With the current housing market climate—inventory challenges, rising mortgage rates and stagnating construction numbers—the housing market is still scorching hot. Despite these conditions, a new report shows that more than 16 million homes across the U.S. are sitting vacant.
To get a sense of vacancy rates in the U.S., LendingTree analyzed the latest housing data to rank the nation’s 50 states by their shares of unoccupied homes. Here’s what the report found:
- Vermont, Maine and Alaska are the states with the highest vacancy rates. Vacancy rates in these states are 22.86%, 22.68% and 20.51%, respectively. In total, that translates to more than 315,000 unoccupied houses across the three states.
- Oregon, Washington and Connecticut are the states with the lowest vacancy rates. Oregon has the lowest vacancy rate at 7.76%, followed by Washington at 7.87% and Connecticut at 8.09%. While these states have the lowest vacancy rates, that doesn’t mean they have the fewest vacant homes. With almost 521,000 unoccupied housing units across the three states, there are nearly 206,000 more vacant homes across Oregon, Washington and Connecticut than in Vermont, Maine and Alaska.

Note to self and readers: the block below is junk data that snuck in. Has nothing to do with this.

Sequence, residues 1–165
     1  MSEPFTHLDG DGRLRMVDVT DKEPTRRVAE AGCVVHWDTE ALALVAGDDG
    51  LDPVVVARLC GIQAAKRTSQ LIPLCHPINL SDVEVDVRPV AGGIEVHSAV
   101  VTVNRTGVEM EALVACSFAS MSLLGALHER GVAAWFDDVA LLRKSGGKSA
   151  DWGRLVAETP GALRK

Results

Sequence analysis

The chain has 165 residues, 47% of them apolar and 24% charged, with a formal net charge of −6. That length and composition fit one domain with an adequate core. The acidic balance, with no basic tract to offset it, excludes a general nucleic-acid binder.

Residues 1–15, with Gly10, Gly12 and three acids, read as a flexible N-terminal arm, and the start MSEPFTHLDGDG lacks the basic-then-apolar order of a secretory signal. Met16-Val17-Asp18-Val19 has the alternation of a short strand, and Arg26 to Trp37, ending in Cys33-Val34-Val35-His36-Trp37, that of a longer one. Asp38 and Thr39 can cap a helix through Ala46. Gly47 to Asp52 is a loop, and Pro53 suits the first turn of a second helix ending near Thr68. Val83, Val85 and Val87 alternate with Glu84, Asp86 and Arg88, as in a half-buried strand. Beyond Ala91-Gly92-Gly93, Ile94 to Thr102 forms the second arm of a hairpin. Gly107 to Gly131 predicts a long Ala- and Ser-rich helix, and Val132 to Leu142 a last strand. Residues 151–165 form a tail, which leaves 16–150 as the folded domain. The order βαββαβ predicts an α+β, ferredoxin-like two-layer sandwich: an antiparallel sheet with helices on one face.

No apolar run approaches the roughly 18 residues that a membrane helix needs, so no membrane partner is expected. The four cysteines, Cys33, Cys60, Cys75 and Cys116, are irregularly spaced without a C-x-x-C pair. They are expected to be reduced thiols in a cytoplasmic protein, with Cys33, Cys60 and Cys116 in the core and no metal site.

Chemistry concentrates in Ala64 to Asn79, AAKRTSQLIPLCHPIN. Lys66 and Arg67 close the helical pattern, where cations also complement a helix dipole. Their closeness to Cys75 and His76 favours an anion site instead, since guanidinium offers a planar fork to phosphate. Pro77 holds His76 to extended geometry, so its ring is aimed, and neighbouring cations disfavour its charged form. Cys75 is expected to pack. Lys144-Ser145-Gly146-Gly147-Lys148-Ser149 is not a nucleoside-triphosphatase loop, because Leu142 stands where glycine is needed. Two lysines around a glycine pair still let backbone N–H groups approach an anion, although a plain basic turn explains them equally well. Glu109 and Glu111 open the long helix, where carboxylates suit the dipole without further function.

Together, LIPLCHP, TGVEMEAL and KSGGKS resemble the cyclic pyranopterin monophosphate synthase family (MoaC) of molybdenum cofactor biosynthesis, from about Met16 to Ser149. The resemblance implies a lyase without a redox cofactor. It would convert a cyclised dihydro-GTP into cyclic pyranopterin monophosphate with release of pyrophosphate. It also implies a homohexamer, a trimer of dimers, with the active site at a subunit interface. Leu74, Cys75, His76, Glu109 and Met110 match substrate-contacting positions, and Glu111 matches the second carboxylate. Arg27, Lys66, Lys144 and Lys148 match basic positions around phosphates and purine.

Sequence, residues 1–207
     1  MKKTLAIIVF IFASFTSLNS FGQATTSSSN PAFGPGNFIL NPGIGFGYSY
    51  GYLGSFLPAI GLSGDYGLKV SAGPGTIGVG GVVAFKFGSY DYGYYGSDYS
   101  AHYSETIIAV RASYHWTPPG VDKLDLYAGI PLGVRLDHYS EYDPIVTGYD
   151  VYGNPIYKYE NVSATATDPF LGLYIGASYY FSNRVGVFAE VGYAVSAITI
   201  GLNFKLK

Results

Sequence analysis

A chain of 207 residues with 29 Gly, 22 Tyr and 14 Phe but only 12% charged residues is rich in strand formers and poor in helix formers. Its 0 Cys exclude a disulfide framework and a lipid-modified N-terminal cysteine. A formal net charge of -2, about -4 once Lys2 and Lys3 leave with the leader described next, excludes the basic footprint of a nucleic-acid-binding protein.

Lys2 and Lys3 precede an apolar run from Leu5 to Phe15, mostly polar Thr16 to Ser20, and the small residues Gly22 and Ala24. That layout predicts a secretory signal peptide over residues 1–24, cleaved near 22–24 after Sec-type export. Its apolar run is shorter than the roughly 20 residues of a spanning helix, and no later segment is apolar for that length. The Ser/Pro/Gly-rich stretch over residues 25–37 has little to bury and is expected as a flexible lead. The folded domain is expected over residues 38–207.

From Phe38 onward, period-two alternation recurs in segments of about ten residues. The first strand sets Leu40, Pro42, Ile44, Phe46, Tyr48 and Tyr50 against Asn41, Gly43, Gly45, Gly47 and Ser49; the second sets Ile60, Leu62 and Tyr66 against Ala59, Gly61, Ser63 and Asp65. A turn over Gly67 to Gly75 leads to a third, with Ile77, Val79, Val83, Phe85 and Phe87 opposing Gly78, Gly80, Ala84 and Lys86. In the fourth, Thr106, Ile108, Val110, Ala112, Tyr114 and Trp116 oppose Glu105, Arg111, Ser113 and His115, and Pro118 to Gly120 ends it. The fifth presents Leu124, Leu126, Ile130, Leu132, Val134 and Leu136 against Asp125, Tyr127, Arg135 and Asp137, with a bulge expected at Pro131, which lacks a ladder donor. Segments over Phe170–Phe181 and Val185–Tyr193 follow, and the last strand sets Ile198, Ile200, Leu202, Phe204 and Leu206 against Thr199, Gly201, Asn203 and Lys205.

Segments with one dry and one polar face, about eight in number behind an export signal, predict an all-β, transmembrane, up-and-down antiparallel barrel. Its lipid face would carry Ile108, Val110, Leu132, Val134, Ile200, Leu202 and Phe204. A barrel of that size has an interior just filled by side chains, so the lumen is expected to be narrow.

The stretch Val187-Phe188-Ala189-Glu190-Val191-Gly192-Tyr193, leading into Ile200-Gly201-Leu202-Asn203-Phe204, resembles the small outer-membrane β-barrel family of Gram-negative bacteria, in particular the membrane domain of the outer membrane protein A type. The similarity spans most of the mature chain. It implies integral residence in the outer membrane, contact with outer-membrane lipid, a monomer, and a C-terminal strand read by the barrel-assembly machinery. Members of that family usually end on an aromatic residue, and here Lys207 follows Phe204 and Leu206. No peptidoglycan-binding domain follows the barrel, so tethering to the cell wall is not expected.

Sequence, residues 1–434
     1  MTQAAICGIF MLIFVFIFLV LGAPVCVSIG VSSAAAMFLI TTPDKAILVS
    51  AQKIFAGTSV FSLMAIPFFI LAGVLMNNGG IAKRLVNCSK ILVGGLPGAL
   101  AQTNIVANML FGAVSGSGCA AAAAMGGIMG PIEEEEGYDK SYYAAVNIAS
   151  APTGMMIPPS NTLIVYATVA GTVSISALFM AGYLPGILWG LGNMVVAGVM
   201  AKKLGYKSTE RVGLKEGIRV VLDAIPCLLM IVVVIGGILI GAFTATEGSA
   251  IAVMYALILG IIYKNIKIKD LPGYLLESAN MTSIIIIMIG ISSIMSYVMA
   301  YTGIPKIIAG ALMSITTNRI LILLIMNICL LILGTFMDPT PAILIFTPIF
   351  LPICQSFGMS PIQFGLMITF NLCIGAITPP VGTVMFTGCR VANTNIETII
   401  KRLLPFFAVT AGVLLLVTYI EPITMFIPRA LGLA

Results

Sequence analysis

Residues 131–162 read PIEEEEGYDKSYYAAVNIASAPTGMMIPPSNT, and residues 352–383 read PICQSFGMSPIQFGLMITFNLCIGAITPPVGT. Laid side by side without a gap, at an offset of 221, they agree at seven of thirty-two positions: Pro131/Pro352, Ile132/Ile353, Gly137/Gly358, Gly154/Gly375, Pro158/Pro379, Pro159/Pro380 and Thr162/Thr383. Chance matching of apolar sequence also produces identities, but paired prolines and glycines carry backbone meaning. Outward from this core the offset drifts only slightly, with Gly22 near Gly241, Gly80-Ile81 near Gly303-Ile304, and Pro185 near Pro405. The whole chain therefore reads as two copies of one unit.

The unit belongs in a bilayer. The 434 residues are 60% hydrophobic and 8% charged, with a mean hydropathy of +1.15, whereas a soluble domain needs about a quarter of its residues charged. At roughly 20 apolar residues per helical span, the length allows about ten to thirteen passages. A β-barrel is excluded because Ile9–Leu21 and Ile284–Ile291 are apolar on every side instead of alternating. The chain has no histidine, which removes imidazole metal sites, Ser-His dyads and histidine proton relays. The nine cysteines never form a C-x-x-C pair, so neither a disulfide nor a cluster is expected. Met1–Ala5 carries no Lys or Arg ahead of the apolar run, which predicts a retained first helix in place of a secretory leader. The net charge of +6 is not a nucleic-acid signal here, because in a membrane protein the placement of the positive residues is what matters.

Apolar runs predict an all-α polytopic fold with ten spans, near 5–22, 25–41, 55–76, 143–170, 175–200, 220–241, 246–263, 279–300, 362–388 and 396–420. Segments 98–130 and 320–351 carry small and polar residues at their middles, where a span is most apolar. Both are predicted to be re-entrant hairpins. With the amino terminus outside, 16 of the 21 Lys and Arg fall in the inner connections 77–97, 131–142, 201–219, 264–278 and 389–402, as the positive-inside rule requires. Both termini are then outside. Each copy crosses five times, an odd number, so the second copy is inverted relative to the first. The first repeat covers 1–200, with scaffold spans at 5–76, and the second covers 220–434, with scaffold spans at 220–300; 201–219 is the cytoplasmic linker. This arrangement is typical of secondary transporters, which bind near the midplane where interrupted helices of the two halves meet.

- Home prices in states with higher vacancy rates are often—but not always—lower than in states with lower vacancy rates. Median home prices across the 10 states with the highest vacancy rates are an average of about $18,000 lower than in the 10 states with the lowest vacancy rates.
“Homes can be vacant for a variety of reasons, and just because an area has a high vacancy rate doesn’t necessarily mean that there’s something wrong with its housing market, said Jacob Channel, LendingTree’s senior economic analyst and report author. “Instead, it could mean that the area is rapidly building new homes for sale in order to satisfy high buyer demand, it can also mean that an area is a popular spot for secondary or vacation homes that go unused for most of the year.”
To view the full report, visit https://www.lendingtree.com/home/mortgage/vacancy-rates-study/.